The High Court has recently held that amendments made to a loan agreement (extending the term and allowing interest to be rolled up on indulgence clause contained within a guarantee.
Investec Bank Plc (lender) entered into three loan agreements with Parkwood group companies. One of the loan agreements was with Parkwood (Koblenz) Sarl, one with Parkwood (Hanau) Sarl and one with Parkwood (Koln) Sarl (together the borrowers).
In March 2008, the amount of one of the facilities was increased and Robert Maxted and John Lorimer (guarantors), two directors of the borrowers, provided the lender with a guarantee of interest payable under all three loan agreements. The guarantee was capped at 450,000 euros plus interest, costs and expenses. The guarantee also included a clause stating that the guarantee would not be discharged by "any variation or amendment of any agreement between the bank and the debtors".
In March 2009, all three loan agreements were amended to extend the term of the loans made under them to 29 December 2010 and roll up the interest on the loans until the 31 August 2009.
In March 2011, all three loan agreements were amended to extend the term to 31 December 2012.In March 2011, the guarantors signed a statement confirming that the lender could continue to rely on the guarantee in respect of the loans and adding "I note your recommendation I obtain independent legal advice, however I confirm I am fully aware of the nature and extent of my obligations … and that I waive my option to obtain independent legal advice".
On 1 December 2016, the lender issued a formal demand on the guarantors to pay the interest payable on the loans.
The guarantors refused to pay and claimed that the guarantee had been discharged by serious amendments to and replacements of the terms of the loan agreements guaranteed by the guarantees.
These amendments were, they said, outside the scope of those amendments envisaged by the consent to variation clause in the guarantee.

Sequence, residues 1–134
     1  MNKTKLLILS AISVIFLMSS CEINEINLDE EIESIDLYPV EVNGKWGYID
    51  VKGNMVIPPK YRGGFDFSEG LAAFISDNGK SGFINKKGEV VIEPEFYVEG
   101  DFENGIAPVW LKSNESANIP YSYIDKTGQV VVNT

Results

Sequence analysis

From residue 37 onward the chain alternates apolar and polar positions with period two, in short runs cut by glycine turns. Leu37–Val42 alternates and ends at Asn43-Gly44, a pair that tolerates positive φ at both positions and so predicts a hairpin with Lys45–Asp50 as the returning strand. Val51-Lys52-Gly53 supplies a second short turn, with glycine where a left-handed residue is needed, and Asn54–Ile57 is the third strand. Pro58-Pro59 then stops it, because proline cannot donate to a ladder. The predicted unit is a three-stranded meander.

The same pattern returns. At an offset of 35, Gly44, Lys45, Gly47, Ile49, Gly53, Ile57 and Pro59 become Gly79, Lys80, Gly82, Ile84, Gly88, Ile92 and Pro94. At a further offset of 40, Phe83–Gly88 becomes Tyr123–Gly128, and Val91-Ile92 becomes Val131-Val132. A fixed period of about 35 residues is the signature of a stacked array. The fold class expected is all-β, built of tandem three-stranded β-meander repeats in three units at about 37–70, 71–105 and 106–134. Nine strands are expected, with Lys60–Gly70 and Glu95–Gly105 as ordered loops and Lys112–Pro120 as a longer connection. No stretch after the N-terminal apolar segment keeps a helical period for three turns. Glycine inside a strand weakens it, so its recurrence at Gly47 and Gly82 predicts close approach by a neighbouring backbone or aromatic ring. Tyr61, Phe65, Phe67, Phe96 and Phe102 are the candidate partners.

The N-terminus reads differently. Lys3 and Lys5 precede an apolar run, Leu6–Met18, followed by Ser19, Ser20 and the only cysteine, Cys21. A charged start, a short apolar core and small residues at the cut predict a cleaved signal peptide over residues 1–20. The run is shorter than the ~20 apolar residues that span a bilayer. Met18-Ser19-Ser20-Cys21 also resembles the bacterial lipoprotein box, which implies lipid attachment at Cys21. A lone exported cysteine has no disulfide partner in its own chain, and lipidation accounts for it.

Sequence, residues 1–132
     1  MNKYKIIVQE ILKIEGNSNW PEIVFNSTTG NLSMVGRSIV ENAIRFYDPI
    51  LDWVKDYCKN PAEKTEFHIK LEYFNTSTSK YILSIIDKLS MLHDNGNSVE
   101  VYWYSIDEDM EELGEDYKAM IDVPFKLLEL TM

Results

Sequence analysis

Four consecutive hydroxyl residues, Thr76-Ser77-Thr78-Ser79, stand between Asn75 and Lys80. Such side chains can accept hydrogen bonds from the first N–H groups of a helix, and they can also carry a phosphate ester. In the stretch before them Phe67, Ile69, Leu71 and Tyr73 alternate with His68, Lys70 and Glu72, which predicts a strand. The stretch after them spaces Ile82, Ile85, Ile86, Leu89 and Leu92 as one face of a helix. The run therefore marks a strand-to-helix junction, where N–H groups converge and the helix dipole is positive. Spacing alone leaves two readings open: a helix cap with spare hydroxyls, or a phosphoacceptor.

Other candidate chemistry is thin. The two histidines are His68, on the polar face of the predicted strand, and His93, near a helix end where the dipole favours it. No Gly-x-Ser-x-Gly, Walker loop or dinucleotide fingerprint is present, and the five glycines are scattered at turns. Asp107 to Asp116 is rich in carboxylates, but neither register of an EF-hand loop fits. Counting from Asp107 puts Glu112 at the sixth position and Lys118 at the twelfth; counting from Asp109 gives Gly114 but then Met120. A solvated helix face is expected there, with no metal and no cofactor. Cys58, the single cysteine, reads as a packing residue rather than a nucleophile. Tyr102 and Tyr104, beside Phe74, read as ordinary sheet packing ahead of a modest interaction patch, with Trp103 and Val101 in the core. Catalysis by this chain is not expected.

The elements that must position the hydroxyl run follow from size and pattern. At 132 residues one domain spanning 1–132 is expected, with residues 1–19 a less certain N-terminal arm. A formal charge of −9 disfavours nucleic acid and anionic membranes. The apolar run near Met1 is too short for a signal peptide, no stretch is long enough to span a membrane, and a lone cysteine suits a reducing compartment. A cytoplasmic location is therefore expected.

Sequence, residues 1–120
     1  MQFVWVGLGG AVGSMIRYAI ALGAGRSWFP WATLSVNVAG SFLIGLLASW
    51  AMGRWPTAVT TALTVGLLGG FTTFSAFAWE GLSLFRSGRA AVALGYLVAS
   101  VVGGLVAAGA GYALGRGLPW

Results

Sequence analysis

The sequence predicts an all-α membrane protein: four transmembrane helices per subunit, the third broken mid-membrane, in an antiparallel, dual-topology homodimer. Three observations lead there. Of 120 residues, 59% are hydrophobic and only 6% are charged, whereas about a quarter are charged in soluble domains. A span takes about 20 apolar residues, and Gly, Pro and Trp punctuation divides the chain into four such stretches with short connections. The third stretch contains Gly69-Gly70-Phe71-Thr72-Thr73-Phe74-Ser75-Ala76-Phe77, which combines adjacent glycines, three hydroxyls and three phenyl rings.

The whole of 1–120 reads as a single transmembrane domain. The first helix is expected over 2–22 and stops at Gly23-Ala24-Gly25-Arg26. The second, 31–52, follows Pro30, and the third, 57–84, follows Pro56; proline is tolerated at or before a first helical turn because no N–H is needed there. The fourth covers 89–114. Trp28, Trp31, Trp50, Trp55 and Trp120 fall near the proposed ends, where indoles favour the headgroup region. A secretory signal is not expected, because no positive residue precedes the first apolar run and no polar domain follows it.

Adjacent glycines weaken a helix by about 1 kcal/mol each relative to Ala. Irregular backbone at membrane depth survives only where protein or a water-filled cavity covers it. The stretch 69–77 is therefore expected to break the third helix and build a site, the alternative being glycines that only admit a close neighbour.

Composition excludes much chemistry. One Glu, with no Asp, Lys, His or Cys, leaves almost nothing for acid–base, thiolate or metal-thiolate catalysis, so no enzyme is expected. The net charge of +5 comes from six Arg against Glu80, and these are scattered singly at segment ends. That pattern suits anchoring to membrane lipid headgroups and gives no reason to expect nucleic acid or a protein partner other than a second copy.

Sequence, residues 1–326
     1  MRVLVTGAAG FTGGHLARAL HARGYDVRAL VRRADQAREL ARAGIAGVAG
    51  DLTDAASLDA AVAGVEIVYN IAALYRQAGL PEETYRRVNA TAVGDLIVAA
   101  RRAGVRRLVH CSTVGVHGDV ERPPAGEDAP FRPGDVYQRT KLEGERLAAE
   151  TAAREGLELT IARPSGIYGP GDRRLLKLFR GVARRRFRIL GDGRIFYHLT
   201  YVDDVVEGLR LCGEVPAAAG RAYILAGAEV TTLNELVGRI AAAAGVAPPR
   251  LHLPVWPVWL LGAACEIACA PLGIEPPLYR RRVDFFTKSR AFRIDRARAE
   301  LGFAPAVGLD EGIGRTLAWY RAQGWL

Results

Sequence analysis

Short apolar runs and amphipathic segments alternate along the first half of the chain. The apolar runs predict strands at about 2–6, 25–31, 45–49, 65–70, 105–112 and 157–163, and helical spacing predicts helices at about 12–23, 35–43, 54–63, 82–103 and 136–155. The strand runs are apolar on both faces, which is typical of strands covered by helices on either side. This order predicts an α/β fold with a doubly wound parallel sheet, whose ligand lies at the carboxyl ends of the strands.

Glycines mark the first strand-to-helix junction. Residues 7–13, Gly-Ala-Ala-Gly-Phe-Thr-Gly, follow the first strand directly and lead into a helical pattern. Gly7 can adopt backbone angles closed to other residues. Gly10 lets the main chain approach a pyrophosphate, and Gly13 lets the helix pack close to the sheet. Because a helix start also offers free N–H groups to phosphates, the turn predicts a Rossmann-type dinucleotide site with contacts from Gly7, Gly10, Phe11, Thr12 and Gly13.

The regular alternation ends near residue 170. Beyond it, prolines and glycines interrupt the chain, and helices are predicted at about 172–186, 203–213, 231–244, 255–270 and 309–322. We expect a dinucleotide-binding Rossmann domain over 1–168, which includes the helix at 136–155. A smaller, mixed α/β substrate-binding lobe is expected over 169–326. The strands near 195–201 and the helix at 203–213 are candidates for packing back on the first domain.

Although the directors acknowledged that their signature was on the documents amending the loan agreements they said that their business partner (a third director, now deceased) habitually dealt with all the banking arrangements. They had no memory of being consulted about the amendments to the guaranteed obligations and did not receive any advice as guarantors in relation to those amendments.
They, therefore, argued that they had never consented to the variation of the guaranteed obligations.
They also argued that when they provided a written waiver of their right to seek independent legal advice in relation to the guarantee they were acting under the undue influence of the lender. The lender, by including the consent to variation clause in the guarantee, created a relationship of trust and confidence between it and the guarantors, which gave rise to a presumption of undue influence.
In their judgment, the Court found that the amendments did not discharge the guarantee. The borrower's obligations as amended did not truly "replace" their original obligations. Further, the guarantees should be construed like any other contractual instrument, in accordance with the intention of the parties, and the language used should be given its natural and ordinary meaning. In this case, on the facts, extending the term and rolling up interest were within the scope of the consent to variation clause incorporated in the guarantee.
On the point of undue influence raised by the guarantors, the court found that the letter the guarantors signed waiving their right to seek independent legal advice was not given under the undue influence of the lender. It rejected the argument that by including the consent to variation clause in the guarantee the lender had created a relationship of trust and confidence between the lender and the guarantors. The guarantors were held to be men of business who understood the risks of giving the guarantee. The doctrine of undue influence was, therefore, not relevant in this case.
(Maxted and another v Investec Bank Plc  EWHC 1997 (Ch))
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